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Teradata RDBMS forUNIX SQL Reference - NCR

NCR Teradata RDBMS forUNIX SQL Reference - NCR, 1997. - 913 p.
Download (direct link): teradataforunix1997.pdf
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Note that you cannot use keywords to name database objects. Because new keywords are frequently added to new releases of the Teradata RDBMS, you may experience a problem with database object names that were valid in prior releases but which become nonvalid in a new release.

The workaround for this is to do one of the following things:

Put the newly nonvalid name in double quotes.

Rename the object

In either case you must change your applications.

Teradata RDBMS for UNIX SQL Reference

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Teradata SQL Lexicon

Delimiters

Introduction

Example

Delimiters

Delimiters are special characters whose meaning depends on context. Teradata SQL delimiters are:

The function of each delimiter is described in Table 4-4.

In the following statement, the period separates the database name (Examp and Personnel) from the table name (Profile and Employee), and, where reference is qualified to avoid ambiguity, it separates the table name (Profile, Employee) from the column name (DeptNo).

UPDATE Examp.Profile SET FinGrad = 'A'

WHERE Name = 'Phan A' ; SELECT EdLev, FinGrad,JobTitle,

YrsExp FROM Examp.Profile, Personnel.Employee WHERE Profile.DeptNo = Employee.DeptNo ;

The first semicolon separates the UPDATE statement from the SELECT statement. The second semicolon terminates the entire multistatement request.

Note: The semicolon is not a delimiter in ANSI SQL. It is used in Teradata SQL only to separate multiple statements, either in a request or macro definition, or to terminate a request for requests submitted through BTEQ.

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Teradata RDBMS for UNIX SQL Reference
Table 4-4

Delimiters in Teradata SQL

Teradata SQL Lexicon

Delimiters

Delimiter Function
() (parentheses) Group expressions and define the limits of various phrases.
, (comma ) Separates items in a list, or as a date separator.
: (colon) Prefixes a referenced parameter or client system variable; also used as a date separator.
. (period) Separates a database name from a table name, or a table name from a column name. In numeric constants, the period is the decimal point. The period is also used as a date separator.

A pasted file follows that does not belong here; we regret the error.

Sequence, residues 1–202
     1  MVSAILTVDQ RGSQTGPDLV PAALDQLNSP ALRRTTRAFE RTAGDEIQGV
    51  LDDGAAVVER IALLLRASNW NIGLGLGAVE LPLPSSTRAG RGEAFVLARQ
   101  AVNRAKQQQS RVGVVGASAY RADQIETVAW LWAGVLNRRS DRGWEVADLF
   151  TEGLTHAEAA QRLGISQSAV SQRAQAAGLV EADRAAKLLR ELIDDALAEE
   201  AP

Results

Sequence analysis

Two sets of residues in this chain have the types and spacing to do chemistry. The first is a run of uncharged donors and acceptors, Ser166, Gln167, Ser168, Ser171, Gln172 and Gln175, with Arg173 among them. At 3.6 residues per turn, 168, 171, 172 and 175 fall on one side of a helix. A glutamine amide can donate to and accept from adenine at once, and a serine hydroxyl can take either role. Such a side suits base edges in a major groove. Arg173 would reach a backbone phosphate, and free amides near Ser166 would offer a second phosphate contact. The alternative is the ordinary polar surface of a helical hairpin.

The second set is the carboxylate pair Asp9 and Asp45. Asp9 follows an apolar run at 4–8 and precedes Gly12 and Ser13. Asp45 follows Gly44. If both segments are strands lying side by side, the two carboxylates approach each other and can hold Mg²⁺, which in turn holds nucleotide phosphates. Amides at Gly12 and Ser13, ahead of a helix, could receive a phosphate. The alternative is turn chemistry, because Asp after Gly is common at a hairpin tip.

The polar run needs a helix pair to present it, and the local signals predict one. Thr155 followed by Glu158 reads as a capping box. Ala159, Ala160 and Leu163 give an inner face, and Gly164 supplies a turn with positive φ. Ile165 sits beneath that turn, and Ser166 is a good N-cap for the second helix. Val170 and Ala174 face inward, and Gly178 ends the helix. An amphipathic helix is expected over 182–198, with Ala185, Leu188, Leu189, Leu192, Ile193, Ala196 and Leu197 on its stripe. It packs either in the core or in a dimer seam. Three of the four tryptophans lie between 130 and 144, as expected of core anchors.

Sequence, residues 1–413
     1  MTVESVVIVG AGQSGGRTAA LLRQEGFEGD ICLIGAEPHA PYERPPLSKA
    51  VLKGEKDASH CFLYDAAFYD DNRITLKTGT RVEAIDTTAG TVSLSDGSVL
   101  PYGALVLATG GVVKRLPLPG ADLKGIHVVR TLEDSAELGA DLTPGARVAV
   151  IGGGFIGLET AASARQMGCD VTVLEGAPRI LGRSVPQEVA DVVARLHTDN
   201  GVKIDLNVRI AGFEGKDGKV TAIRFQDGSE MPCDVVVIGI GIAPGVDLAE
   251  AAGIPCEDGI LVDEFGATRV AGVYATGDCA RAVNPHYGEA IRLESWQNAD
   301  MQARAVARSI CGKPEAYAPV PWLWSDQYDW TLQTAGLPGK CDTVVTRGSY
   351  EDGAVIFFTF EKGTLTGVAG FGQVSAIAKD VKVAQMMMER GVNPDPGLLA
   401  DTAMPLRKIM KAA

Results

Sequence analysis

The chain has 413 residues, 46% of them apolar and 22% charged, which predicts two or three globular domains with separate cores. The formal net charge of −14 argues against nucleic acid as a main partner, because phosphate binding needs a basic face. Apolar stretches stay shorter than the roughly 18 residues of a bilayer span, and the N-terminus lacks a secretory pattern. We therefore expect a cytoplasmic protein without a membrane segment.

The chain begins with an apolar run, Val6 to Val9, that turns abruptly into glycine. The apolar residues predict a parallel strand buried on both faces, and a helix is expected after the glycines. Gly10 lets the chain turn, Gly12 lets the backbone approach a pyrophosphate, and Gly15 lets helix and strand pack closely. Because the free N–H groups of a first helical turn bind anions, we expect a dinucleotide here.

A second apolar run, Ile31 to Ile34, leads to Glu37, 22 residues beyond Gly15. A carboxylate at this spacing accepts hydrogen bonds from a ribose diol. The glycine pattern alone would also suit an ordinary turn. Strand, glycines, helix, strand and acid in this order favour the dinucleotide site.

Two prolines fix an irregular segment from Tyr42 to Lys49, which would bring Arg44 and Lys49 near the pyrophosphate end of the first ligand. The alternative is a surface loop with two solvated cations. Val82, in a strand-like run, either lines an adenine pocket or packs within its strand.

; (semicolon) Separates statements in a request. In BTEQ, a semicolon at the end of an input line, terminates a request.
(apostrophe) Defines the boundaries of character string constants; also used as a date separator.
(quote mark) Defines the boundaries of nonstandard names.
@ (at sign) Obsolete; replaced by : (colon)
/ Slash; used as a date separator.
B Blank; used as a date separator.
- Dash; used as a date separator.

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Teradata SQL Lexicon

Constants

Introduction

Constants

A constant is a literal string or value embedded in a Teradata SQL statement. A constant may be of the type date, character, numeric, or string.

On a Japanese character supported site, sessions using the KanjiEBCDIC character set also can express a graphic string constant. Other character sets can express a graphic literal in hexadecimal.

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Teradata RDBMS for UNIX SQL Reference
Teradata SQL Lexicon

Numeric Constants

Introduction

Converting Numeric Constants

Numeric Constants

Numeric constants may have the following forms:

Integer, Smallint, and Byteint

Decimal (Numeric)

Floating point (Real, Double Precision)

Note: The Numeric constant has been implemented to function like the Decimal constant. Real and Double Precision have been implemented to function like the Floating point constant.

The following are examples of valid numeric constants:

Byteint Smallint Integer Decimal Floating Point
127 32767 32768 0.0 1E1
-36 -12000 -60400 -235. 1.4E6
-128 -32768 2147483647 2147483650 18E-3

The difference between Byteint, Smallint, and Integer is the range of values allowed and the internal storage size. A Byteint occupies 1 byte, Smallint 2 bytes, and Integer 4 bytes. Valid ranges for these

numeric constants are as follows:
Numeric Constant Low High
BYTEINT -128 127
SMALLINT -32768 32767
INTEGER -2147483648 2147483647

Depending on the kind of operation performed or the type of column in which a value is to be stored, SQL may convert literal constants from one numeric data type to another, or convert character strings that represent numeric values to a numeric data type.

If a constant is outside the range for a required type, an error is reported during conversion. An error also is reported if a character string that is assigned to a numeric field does not represent a valid numeric value.

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Teradata SQL Lexicon

Numeric Constants

Converting Character Strings to Numeric Constants

Non-Valid Numeric Constants: Examples

A character string may contain a value that is intended to be a numeric value (for example, 15). In such cases, the Teradata RDBMS attempts to convert the string to a numeric value whenever a numeric value is required in the context.
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